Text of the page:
On 2023-07-30, Alex Volkov, Andrew McCalip, and Ate-a-Pi, who have been prominent in the discussion of LK-99 on Twitter, hosted a Twitter Spaces conversation of more than two hours about the status of the claims, efforts to replicate the experiments, and sources of equipment and material. The conversation actually starts at the 2:40 mark after the elevator music.

Because X/Twitter operates as a data silo, it is not possible to embed the audio recording here. What you have to do to listen is to click on the screen shot below in a browser from which you are logged into X/Twitter, then click the Play button in the purple box, then wait until the player box appears at the right, which contains controls for the player. If you do not have an X/Twitter account, you cannot play the recording.

I have only listened to brief snippets of this recording so far and cannot speak for the quality of the information therein.



On 2023-07-29, we have a theoretical paper published on arXiv, “First-principles study on the electronic structure of {\rm Pb}_{10−x}{\rm Cu}_x({\rm PO}_4)_6{\rm O} (x=0, 1)” (full text at llink), by five authors from the Shenyang National Laboratory for Materials Science, Institute of Metal Research, Chinese Academy of Sciences, China, exploring the electronic structure of the reported LK-99 superconductor from first-principles calculations. Here is the abstract:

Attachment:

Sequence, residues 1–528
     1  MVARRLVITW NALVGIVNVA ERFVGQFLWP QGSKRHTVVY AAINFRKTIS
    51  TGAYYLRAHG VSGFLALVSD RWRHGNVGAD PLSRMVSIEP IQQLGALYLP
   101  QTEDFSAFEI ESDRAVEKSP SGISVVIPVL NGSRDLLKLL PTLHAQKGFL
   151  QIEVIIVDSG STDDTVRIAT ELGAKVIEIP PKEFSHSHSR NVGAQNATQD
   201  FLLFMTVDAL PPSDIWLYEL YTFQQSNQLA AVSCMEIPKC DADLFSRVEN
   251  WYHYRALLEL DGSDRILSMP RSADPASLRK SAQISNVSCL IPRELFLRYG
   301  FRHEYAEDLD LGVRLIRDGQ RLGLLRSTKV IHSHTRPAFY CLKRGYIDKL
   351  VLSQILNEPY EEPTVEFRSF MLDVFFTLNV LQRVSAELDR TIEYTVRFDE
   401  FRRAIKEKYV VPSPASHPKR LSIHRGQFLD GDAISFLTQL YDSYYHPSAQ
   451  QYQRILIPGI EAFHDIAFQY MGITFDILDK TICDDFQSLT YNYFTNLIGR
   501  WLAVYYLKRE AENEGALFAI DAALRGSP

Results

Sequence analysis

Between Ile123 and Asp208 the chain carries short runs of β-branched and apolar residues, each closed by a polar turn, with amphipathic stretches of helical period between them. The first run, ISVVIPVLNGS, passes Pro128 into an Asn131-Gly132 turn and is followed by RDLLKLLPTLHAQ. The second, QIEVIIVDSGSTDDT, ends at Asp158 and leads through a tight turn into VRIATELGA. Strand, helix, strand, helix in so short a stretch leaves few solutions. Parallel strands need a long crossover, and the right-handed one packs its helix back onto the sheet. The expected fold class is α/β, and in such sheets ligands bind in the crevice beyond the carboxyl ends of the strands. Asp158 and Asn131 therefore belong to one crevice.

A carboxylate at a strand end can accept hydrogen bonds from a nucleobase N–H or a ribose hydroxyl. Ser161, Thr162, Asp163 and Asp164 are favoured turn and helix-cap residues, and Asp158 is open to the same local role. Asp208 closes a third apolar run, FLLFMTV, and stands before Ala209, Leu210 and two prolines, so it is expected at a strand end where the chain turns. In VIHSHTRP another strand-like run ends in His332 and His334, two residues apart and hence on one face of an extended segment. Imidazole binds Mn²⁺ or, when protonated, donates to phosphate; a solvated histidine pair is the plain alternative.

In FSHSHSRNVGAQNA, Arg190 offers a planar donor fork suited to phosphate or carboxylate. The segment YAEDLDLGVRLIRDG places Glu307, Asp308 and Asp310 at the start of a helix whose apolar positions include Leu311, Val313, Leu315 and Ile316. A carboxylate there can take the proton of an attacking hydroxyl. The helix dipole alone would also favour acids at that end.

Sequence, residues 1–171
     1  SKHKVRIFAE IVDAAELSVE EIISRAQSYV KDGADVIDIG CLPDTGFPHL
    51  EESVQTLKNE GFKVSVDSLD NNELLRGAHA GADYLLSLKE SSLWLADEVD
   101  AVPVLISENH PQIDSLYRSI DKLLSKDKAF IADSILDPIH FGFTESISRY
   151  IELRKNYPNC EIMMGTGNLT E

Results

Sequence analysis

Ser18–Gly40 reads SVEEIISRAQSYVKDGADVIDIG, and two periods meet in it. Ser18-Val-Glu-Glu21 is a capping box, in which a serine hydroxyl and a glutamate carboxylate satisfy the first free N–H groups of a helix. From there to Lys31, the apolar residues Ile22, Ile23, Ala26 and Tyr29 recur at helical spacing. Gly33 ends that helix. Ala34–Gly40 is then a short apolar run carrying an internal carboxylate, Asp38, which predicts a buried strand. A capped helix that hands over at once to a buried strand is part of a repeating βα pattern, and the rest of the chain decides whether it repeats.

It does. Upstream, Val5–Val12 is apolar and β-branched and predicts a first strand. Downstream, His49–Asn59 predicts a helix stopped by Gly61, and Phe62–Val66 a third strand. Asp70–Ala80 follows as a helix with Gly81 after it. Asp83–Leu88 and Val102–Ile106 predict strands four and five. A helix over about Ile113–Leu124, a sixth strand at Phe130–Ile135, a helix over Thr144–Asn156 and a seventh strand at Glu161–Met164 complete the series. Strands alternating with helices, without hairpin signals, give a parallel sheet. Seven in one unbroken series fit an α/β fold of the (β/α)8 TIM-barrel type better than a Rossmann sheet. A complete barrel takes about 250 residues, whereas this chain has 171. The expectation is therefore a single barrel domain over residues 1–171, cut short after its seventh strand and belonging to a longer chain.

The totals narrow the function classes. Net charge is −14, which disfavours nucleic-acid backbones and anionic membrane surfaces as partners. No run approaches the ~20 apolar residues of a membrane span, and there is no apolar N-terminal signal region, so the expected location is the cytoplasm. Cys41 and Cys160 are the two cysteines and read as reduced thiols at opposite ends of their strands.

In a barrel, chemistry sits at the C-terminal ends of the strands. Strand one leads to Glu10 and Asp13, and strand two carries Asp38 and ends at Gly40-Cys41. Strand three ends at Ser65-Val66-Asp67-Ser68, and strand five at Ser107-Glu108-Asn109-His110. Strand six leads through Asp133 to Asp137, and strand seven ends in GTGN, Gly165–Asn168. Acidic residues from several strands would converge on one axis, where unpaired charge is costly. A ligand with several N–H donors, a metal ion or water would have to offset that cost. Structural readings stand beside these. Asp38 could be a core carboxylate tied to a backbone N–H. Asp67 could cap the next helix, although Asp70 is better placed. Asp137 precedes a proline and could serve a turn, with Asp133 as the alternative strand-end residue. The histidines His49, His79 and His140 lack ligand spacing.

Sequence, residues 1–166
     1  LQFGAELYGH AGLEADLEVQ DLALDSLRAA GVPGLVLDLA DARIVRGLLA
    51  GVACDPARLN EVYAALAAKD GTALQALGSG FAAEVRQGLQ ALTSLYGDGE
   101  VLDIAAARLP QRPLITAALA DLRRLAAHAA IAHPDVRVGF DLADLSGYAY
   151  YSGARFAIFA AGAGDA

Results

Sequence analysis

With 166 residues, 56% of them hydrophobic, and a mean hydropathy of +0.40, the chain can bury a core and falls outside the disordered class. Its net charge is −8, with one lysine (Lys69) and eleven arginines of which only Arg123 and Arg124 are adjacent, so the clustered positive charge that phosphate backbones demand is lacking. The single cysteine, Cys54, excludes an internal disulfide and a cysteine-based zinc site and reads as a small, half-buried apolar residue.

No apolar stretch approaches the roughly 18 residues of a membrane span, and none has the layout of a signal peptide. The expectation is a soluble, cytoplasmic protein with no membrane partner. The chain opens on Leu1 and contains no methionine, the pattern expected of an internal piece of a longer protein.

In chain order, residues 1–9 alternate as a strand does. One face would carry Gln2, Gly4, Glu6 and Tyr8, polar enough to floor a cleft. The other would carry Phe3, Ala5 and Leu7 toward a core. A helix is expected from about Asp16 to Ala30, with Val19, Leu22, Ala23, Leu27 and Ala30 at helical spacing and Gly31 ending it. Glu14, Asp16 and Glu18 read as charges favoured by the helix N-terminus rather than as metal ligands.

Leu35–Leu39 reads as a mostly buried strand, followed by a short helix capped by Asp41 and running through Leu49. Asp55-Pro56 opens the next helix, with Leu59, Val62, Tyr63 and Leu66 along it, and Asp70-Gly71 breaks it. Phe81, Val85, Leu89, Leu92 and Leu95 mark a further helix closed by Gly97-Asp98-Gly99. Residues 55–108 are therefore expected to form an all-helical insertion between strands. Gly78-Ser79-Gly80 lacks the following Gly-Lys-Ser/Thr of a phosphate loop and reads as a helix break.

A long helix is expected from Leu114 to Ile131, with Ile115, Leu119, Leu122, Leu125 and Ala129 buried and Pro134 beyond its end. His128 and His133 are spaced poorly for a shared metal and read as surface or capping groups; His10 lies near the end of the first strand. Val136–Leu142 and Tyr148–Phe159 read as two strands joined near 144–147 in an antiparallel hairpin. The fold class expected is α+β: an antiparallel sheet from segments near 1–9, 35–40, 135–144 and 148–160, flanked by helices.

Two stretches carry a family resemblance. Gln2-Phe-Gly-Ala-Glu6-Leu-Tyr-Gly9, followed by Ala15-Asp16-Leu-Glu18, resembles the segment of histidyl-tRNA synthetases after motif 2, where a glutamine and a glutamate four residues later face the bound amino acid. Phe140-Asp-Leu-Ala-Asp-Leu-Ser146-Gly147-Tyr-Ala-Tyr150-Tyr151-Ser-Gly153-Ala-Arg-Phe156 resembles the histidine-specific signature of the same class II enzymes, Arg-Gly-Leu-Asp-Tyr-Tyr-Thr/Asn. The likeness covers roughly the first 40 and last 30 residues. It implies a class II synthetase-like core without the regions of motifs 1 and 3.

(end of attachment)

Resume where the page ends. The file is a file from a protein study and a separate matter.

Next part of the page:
Recently, Lee et al. reported the experimental discovery of room-temperature ambient-pressure superconductivity in a Cu-doped lead-apatite (LK-99) (arXiv:2307.12008, arXiv:2307.12037). Remarkably, the superconductivity persists up to 400 K at ambient pressure. Despite strong experimental evidence, the electronic structure of LK-99 has not yet been studied. Here, we investigate the electronic structures of LK-99 and its parent compound using first-principles calculations, aiming to elucidate the doping effects of Cu. Our results reveal that the parent compound {\rm Pb}_{10}({\rm PO}_4)_6{\rm O} is an insulator, while Cu doping induces an insulator-metal transition and thus volume contraction. The band structures of LK-99 around the Fermi level are featured by a half-filled flat band and a fully-occupied flat band. These two flat bands arise from both the 2p orbitals of 1/4-occupied O atoms and the hybridization of the 3d orbitals of Cu with the 2p orbitals of its nearest-neighboring O atoms. Interestingly, we observe four van Hove singularities on these two flat bands, indicating electronic instability towards structural distortions at low temperatures. Furthermore, we show that the band energies of the van Hove singularities can be tuned by including electronic correlation effects or doping with different elements. We find that among the considered doping elements (Ni, Cu, Zn, Ag, and Au), both Ni and Zn doping result in the gap opening, whereas Au exhibits doping effects more similar to Cu than Ag. Our work provides a foundation for future studies on the role of unique electronic structures of LK-99 in superconductivity.